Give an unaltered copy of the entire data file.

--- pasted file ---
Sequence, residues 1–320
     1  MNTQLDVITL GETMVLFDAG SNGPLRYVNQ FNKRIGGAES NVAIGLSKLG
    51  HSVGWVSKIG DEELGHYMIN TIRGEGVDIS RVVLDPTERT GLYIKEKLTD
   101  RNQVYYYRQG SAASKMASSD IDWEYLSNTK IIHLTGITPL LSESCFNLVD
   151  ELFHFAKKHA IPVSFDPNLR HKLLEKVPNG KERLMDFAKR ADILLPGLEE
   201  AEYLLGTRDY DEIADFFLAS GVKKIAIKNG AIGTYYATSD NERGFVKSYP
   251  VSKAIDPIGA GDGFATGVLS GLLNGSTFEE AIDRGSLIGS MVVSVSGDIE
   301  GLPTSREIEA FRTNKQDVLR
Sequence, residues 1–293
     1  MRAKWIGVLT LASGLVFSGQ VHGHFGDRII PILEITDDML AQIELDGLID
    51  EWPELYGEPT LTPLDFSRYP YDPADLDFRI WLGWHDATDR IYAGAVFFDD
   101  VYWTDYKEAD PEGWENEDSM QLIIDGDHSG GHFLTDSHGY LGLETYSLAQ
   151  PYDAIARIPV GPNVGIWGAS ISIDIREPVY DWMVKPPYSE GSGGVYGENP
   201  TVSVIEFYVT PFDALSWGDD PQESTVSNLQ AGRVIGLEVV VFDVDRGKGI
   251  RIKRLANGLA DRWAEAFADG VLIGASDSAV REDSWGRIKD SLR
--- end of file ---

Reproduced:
Sequence, residues 1–320
     1  MNTQLDVITL GETMVLFDAG SNGPLRYVNQ FNKRIGGAES NVAIGLSKLG
    51  HSVGWVSKIG DEELGHYMIN TIRGEGVDIS RVVLDPTERT GLYIKEKLTD
   101  RNQVYYYRQG SAASKMASSD IDWEYLSNTK IIHLTGITPL LSESCFNLVD
   151  ELFHFAKKHA IPVSFDPNLR HKLLEKVPNG KERLMDFAKR ADILLPGLEE
   201  AEYLLGTRDY DEIADFFLAS GVKKIAIKNG AIGTYYATSD NERGFVKSYP
   251  VSKAIDPIGA GDGFATGVLS GLLNGSTFEE AIDRGSLIGS MVVSVSGDIE
   301  GLPTSREIEA FRTNKQDVLR
Sequence, residues 1–293
     1  MRAKWIGVLT LASGLVFSGQ VHGHFGDRII PILEITDDML AQIELDGLID
    51  EWPELYGEPT LTPLDFSRYP YDPADLDFRI WLGWHDATDR IYAGAVFFDD
   101  VYWTDYKEAD PEGWENEDSM QLIIDGDHSG GHFLTDSHGY LGLETYSLAQ
   151  PYDAIARIPV GPNVGIWGAS ISIDIREPVY DWMVKPPYSE GSGGVYGENP
   201  TVSVIEFYVT PFDALSWGDD PQESTVSNLQ AGRVIGLEVV VFDVDRGKGI
   251  RIKRLANGLA DRWAEAFADG VLIGASDSAV REDSWGRIKD SLR